Overcoming the obstacles to digital learning
Digital learning is more than the latest addition to education reformers’ to-do lists, filed along with teacher evaluations, charter schools, tenure reform, academic standards, and the like. It’s fundamentally different: For digital learning to fulfill its enormous potential, a wholesale reshaping of the reform agenda itself is required, particularly in the realms of school finance and governance. But just as online education needs those reforms if it is to flourish, so does major education reform need digital learning, which can provide valuable solutions to some of the greatest challenges in this territory—beginning with the basic obsolescence of public education’s familiar delivery system.
Today, American education has the potential to be rebooted and accelerated by digital learning. Indeed, truly boosting student achievement—as well as individualizing instruction and creating high-quality options for children and families among, within, and beyond schools—will depend to a considerable extent on how deftly we exploit this potential, both in its pure form (full-time online instruction) and in various “blended” combinations of digital and flesh-and-blood instruction.
Serious obstacles block the road to realizing digital learning's potential.
Photo by Brad Folkens
Making the most of these remarkable opportunities, however, hinges on our willingness—and capacity—to alter a host of ingrained practices. Fordham’s new volume, Education Reform for the Digital Era, offers a guide to that alteration, beginning with clarity about three major obstacles that today block the path.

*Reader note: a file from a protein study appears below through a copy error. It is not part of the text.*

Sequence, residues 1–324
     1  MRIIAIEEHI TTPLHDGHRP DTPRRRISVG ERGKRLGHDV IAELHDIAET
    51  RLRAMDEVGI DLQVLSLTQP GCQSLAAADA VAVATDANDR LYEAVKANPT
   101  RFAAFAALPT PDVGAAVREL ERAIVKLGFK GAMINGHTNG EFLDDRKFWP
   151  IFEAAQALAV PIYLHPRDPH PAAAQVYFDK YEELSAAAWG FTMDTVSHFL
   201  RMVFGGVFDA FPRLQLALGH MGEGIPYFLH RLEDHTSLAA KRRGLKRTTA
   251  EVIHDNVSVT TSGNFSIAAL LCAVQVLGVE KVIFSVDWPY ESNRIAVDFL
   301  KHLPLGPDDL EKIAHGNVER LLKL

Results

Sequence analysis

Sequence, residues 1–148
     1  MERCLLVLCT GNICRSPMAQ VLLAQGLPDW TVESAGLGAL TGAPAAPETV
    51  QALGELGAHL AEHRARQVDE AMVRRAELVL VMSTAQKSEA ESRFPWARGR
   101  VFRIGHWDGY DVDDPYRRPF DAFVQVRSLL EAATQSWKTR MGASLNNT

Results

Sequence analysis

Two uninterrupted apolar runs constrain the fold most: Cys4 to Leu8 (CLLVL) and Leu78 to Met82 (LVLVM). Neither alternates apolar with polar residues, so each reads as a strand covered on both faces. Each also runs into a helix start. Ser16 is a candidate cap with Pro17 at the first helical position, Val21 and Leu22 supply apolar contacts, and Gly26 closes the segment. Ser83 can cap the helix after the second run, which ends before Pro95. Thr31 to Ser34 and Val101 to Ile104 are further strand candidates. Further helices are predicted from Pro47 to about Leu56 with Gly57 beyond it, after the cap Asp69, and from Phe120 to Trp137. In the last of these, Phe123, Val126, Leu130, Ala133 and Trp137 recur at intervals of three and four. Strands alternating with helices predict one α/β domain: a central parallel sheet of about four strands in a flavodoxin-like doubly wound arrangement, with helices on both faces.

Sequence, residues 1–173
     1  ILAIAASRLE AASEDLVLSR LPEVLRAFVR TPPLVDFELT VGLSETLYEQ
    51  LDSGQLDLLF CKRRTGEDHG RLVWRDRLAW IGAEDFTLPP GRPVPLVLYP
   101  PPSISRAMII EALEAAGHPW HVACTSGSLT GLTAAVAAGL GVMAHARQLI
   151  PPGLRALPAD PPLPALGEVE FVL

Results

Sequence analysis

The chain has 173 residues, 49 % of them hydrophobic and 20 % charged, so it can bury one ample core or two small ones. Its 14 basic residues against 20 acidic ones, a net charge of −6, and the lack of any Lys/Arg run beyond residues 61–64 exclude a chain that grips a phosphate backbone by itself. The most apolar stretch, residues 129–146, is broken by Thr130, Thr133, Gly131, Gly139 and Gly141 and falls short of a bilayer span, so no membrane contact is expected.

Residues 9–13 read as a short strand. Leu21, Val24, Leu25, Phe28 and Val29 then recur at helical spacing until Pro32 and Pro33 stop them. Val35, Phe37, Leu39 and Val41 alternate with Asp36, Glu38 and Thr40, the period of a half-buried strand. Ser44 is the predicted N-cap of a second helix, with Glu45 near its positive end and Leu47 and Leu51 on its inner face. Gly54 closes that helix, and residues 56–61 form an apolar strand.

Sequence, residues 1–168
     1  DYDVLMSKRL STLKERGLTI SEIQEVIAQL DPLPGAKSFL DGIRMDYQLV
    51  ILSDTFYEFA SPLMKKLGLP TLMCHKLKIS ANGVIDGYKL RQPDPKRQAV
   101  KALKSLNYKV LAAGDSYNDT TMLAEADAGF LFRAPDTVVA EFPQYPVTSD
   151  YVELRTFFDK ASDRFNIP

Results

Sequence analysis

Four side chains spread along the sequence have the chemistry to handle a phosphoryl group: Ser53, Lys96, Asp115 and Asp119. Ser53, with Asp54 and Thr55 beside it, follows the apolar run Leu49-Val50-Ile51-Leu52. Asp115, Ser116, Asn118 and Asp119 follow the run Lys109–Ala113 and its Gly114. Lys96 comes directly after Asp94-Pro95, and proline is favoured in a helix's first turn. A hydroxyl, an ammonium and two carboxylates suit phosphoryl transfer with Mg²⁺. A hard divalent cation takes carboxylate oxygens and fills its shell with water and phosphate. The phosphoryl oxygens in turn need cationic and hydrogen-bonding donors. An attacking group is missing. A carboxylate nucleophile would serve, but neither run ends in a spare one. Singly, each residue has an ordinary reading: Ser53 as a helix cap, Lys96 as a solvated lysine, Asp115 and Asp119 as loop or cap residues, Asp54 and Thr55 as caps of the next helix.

Self-centered Interest Groups
The many adult interests that live off U.S. public education are already doing their best to co-opt digital learning for their own ends—and to ensure that nobody uses it to threaten their power, membership, or revenue base. Two such groups are especially powerful.
First are local districts and their school boards, vigorously represented by the National School Boards Association (NSBA). This crowd would stifle the openness and global reach of digital learning in the name of district empowerment and local monopoly. According to Ann Flynn, NSBA’s director of education technology, online learning “should be something that school districts can control.”
Yet leaving local districts and boards in charge of digital instruction will retard innovation, entrepreneurship, collaboration, and smart competition, simultaneously stifling students’ ability to find—and be taught by—the very best educators around the globe. It will raise costs, undermine efficiency, block rich instructional options, restrict school choice and parental influence, and strengthen the hand of other interest groups—including but not limited to already-too-powerful teacher unions.
For wherever one finds school districts and boards, one almost always finds unions equally determined to prevent digital learning from shrinking their ranks or weakening their power bases. In many places, they have secured legislation limiting the scope of digital learning or have written clauses into their contracts to counter its growth. More surreptitiously, they’ve ensured that class-size mandates (costly and dysfunctional as they are in the brick-and-mortar world) still apply to online schools.
Yet staffing arrangements—how many and what sorts of people, with what skills and training and compensation—will be dramatically different for online learning than for traditional schools, as Bryan and Emily Hassel explain in their chapter. With the proliferation of high-quality online content, solid instruction in the “basics” will eventually become “flat”—available anywhere globally (and likely at no charge). Meaning that, yes, fewer teachers will be needed. But also that their effectiveness will matter even more than it does today, as the quality of a teacher will affect learning outcomes for many more students.